A BBP-Mud2p heterodimer mediates branchpoint recognition and influences splicing substrate abundance in budding yeast

Qiang Wang, Li Zhang, Bert Lynn, Brian C. Rymond

Research output: Contribution to journalArticlepeer-review

35 Scopus citations

Abstract

The 3′ end of mammalian introns is marked by the branchpoint binding protein, SF1, and the U2AF65-U2AF35 heterodimer bound at an adjacent sequence. Baker's yeast has equivalent proteins, branchpoint binding protein (BBP) (SF1) and Mud2p (U2AF65), but lacks an obvious U2AF35 homolog, leaving open the question of whether another protein substitutes during spliceosome assembly. Gel filtration, affinity selection and mass spectrometry were used to show that rather than a U2AF65/U2AF35-like heterodimer, Mud2p forms a complex with BBP without a third (U2AF35-like) factor. Using mutants of MUD2 and BBP, we show that the BBP-Mud2p complex bridges partner-specific Prp39p, Mer1p, Clf1p and Smy2p two-hybrid interactions. In addition to inhibiting Mud2p association, the bbpΔ56 mutation impairs splicing, enhances pre-mRNA release from the nucleus, and similar to a mud2::KAN knockout, suppresses a lethal sub2::KAN mutation. Unexpectedly, rather than exacerbating bbpΔ56, the mud2::KAN mutation partially suppresses a pre-mRNA accumulation defect observed with bbpΔ56. We propose that a BBP-Mud2p heterodimer binds as a unit to the branchpoint in vivo and serves as a target for the Sub2p-DExD/H-box ATPase and for other splicing factors during spliceosome assembly. In addition, our results suggest the possibility that the Mud2p may enhance the turnover of pre-mRNA with impaired BBP-branchpoint association.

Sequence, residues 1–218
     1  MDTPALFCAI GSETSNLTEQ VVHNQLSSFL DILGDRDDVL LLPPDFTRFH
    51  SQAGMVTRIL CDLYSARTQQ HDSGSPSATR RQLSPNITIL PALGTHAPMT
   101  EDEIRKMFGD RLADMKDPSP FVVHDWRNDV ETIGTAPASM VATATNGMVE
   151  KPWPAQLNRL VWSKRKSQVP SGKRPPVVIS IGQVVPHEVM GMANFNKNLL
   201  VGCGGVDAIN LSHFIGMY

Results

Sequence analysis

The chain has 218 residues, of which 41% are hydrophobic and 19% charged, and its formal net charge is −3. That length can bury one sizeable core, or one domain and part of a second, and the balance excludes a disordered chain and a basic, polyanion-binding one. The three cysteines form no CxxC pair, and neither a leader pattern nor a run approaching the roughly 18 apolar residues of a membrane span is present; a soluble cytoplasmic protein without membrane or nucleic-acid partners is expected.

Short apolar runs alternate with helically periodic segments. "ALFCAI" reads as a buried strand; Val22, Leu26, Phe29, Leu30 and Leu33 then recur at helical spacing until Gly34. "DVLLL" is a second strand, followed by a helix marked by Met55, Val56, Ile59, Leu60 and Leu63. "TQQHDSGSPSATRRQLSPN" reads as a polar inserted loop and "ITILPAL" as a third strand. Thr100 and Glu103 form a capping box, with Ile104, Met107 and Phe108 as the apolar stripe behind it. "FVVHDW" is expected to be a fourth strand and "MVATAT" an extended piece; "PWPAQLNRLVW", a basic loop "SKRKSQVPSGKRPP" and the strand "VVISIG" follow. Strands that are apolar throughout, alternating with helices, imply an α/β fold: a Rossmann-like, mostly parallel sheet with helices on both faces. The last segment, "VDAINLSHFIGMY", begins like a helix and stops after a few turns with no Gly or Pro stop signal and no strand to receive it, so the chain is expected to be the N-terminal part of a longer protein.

Original languageEnglish
Pages (from-to)2787-2798
Number of pages12
JournalNucleic Acids Research
Volume36
Issue number8
DOIs
StatePublished - May 2008

Bibliographical note

Funding Information:
We thank Kate Zaytseva and Mingxia Zhang for technical assistance and Charles Query, Stefan Stamm and members of the Rymond lab for their helpful comments on this article. The pRS414-BBP, Acc, Nde/Acc, and SD5 plasmids were generously provided by Michael Rosbash. This work was supported by National Institutes of Health award GM42476 to BCR and infrastructure support in proteomics from the National Science Foundation award EPS-0132295. Funding to pay the Open Access publication charges for this article was provided by National Institutes of Health award GM42476 to BCR.

ASJC Scopus subject areas

  • Genetics

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